Galinksy and Schweitzer write that when it comes to using social comparison to boost your motivation, the key rule is:
The book recounts a study on Olympic medalists. Silver medalists tend to feel miserable because they missed the gold. Interestingly, bronze medalists are happy and relieved that they got a medal (any medal), and so compare their outcome to those who never made it – the fourth and beyond. Consequently, they tend to be more pleased with themselves than the silver medalists, despite the latter having beat them.
Bring to Mind Your Ignorance
You are ignorant about their life. You have no idea if they are deeply in debt to fund that lifestyle. If they are regularly saving. If they have accumulated substantial assets. The feeling of deficiency may be completely misplaced as you may be the one who is financially better off.
No one is truly aware of what price another individual has paid. Maybe at one point of time they lived extremely frugal lives. Or, they have sacrificed being with family to be workaholics with a huge paycheque. They might have missed out on the small pleasures of life that make it all worthwhile for you.
There is always a cost. It could also be one of integrity.
Bring Conscious Thought to Mind
What is it that you want from life? It may be completely different from what they are seeking. Discover what you value and choose your metrics for success. If you are constantly swayed by others, you are probably spending time and energy working towards a goal that isn’t in line with your values.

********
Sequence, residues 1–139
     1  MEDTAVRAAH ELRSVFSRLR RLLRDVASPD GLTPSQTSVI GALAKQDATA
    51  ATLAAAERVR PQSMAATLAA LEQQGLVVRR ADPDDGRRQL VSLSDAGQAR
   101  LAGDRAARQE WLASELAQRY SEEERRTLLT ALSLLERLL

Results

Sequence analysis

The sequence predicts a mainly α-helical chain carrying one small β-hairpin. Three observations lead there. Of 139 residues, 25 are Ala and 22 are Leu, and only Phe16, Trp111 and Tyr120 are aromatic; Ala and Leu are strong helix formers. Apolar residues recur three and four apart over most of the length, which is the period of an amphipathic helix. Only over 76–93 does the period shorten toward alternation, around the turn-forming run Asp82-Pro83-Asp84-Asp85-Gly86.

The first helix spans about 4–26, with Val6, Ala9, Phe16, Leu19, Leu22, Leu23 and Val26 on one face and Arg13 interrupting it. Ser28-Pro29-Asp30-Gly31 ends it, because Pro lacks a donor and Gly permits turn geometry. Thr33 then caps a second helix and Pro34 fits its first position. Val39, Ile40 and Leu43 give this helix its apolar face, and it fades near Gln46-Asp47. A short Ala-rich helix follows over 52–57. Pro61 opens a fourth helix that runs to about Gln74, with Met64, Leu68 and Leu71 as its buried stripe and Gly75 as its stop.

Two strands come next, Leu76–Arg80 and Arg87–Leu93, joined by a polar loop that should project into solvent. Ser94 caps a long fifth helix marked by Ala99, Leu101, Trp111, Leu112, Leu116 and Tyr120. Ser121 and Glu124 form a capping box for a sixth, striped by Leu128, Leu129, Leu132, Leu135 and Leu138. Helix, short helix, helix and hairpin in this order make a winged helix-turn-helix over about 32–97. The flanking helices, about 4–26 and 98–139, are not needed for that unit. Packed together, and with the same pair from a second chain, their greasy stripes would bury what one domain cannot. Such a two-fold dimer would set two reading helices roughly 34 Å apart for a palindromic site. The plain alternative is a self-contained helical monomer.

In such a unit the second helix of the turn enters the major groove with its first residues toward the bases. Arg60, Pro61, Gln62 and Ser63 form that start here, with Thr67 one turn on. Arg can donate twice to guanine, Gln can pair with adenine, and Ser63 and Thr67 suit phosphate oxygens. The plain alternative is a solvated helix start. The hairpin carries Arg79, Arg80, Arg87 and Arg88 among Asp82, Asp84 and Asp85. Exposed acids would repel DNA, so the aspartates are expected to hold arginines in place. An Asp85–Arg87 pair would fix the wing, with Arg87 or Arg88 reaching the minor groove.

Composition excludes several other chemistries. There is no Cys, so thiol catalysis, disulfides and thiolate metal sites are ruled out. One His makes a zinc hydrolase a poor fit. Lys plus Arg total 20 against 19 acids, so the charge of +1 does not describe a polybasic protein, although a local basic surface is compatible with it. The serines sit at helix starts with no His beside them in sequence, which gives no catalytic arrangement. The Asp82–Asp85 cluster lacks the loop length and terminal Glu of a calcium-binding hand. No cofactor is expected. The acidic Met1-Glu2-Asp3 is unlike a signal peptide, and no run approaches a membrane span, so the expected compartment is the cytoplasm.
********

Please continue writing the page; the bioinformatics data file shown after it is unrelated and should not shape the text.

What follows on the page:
Maybe their goal is to buy a huge house and travel abroad once a year. You, on the other hand, want to build an authentic and deeper relationship with your little son. And you are willing to sacrifice ambitious positions that will deprive you of time with him. You will reject jobs that would require you having to spend more time away from home. Your goal as an individual and as a parent is completely different from what they want. Hence, why would you compare?
You are not in a race with them. You are running your own life at your own pace.
It’s a Part of Human Existence
Comparisons are toxic. Financially, it could result in lower savings and more debt. Don’t scoff, think about how many have taken loans for wedding receptions to keep up appearances. Or loans to go on a holiday. All this adds to your stress levels and feelings of discontentment.
Turn this around. Have role models and mentors. Think about someone whose financial life or behaviour you admire. You could look up to them for their contentment, their ability to live below their means, their humility in not wanting to impress others, their minimalism. Or a skill in someone very successful. I have increased my reading, picking up that habit from others who are much more successful than me.
Pick something in someone you envy or admire, and draw a plan to realistically achieve it yourself over time.
Make sure the goal you are setting is realistic, positive, and practical.
The author is Senior Editor at Morningstar